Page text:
Week In Review

A Weekly Column by Bill Onasch
January 29, 2012

Is the Era of the One Percent Over?
That was the question asked by AFL-CIO president Richard Trumka in the subject line of a “Dear Bill” e-mail message I received from him the day after the President’s State of the Union Address. He gushed the good news answer in the very first paragraph,

“Did you see last night’s State of the Union? It was clear throughout the President’s speech that the era of the 1% is over.”

Some Federation members may have missed the televised speech–for example, those on picket lines at American Crystal Sugar, Cooper Tire & Rubber, and Fresno County–and undoubtedly appreciated and were relieved to hear this announcement.

Of course, brother Trumka does not make such bold assertions without corroborating evidence.

“One big victory—among many—in last night’s speech was President Obama’s announcement of a thorough investigation into the misconduct in the mortgage market that wrecked our economy....Thank President Obama for listening—and urge him to keep it up.”

We have heard similar pledges before. So far there are no reports of swarms of GulfStreams carrying the frightened rich to refuge in the Cayman Islands. As we enter Obama’s last year of this term, foreclosures still account for twenty percent of all home sales in the USA.

There were, of course, some crooks in the financial sector who played minor supporting roles in triggering the Great Recession. But most of the housing and other bubbles that burst were the result of shenanigans legalized during decades of bipartisan deregulation.

The President retained the Fed Chairman upon whose watch the melt down occurred. Chairman Bernanke, who believes public works programs prolonged the Great Depression, is known for the lightest hand on the rudder of all central bank heads. Obama’s Treasury Secretary still shares the same Clubrooms and vacation spots with his “too big to fail” peers who “earned” ten or more-digit bonuses for losing people’s homes and life savings–and Geithner has made clear he is anxious to get back to the private sector.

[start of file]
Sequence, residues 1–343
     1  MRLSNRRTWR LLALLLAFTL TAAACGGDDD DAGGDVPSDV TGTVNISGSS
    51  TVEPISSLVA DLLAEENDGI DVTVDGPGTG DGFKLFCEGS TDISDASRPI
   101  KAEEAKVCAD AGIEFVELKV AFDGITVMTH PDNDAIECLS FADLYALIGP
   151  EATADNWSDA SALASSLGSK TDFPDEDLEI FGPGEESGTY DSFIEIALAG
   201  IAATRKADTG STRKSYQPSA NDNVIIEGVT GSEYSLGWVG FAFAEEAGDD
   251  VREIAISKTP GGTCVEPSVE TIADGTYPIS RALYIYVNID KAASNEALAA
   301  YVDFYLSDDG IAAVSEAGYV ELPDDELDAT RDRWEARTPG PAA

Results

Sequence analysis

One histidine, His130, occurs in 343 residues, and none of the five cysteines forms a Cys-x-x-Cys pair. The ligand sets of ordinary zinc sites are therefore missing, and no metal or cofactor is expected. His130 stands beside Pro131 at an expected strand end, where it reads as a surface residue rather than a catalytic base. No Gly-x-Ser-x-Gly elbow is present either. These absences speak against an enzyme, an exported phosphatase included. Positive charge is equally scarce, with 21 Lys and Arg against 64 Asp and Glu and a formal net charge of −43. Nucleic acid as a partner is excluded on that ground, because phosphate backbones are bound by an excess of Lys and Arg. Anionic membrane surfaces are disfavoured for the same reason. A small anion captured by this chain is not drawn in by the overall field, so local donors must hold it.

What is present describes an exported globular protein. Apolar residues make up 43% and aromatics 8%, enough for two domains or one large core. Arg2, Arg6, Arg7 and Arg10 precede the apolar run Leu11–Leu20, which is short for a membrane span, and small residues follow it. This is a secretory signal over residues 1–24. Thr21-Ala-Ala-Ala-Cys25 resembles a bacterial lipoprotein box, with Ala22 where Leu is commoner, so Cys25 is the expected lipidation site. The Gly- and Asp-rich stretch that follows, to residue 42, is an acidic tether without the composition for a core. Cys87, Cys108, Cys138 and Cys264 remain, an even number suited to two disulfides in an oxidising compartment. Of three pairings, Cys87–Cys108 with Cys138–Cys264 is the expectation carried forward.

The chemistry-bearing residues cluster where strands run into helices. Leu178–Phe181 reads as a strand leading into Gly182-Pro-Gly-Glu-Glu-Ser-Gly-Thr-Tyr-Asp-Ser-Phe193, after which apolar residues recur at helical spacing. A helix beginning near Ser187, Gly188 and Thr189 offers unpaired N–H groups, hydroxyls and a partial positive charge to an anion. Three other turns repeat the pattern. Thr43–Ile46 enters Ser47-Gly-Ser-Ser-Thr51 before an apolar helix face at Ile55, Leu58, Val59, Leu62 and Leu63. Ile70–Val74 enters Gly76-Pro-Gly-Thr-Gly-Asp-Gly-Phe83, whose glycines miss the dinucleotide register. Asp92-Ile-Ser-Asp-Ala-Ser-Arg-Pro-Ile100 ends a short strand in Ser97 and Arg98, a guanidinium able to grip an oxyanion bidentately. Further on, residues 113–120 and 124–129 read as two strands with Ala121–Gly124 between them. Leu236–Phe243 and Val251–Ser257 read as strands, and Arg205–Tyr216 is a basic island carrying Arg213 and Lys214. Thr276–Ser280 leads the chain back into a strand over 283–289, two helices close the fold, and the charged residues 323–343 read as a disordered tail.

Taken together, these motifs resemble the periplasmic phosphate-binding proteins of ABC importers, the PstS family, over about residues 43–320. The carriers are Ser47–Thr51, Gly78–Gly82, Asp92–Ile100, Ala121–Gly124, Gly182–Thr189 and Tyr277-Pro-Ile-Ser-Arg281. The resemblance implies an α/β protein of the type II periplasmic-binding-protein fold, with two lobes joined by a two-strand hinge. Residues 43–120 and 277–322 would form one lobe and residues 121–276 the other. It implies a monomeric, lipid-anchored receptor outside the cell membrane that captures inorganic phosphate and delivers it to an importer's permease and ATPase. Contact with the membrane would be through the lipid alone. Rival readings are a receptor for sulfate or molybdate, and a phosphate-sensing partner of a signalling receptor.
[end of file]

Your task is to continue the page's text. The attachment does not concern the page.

Despite his long experience in financial circles as former AFL secretary-treasurer, Trumka–like every outraged liberal--remains convinced the system is basically good if we’re not victimized by rogue bad guys. They cannot allow themselves to accept the inconvenient truth–this is what capitalism looks like.

But wait, there’s more.

“President Obama made it clear that children and our future must be priorities” my leader told me. He then hands off to expert opinion--Randi Weingarten of the AFT. Her joy overfloweth,

“Obama also made clear tonight what America’s teachers have long understood: We can’t test our way to a middle class; we must educate our way to a middle class....Respecting public school teachers and providing them with the tools and resources they need to help our children learn and grow are essential to building a strong public education system, competing in a global economy and restoring economic opportunity for all.”

When sister Weingarten finally takes her retirement she should consider a second career writing pop fiction. Not since Horace Mann’s fight for Common Schools prevailed in the nineteenth century has public education been under such powerful attack. “Austerity” measures have led to the closings of hundreds of schools, along with firings of tens of thousands of teachers around the country. Adding to the funding crisis, Obama’s “Race to the Top” is promoting privatization in all components of education; has declared war on teacher seniority (tenure); and virtually mandated concessionary renegotiation of a number of teacher union contracts.

Back to Trumka: “And Obama demanded investment in good, high-paying jobs—and said he would work to bring manufacturing back to America.”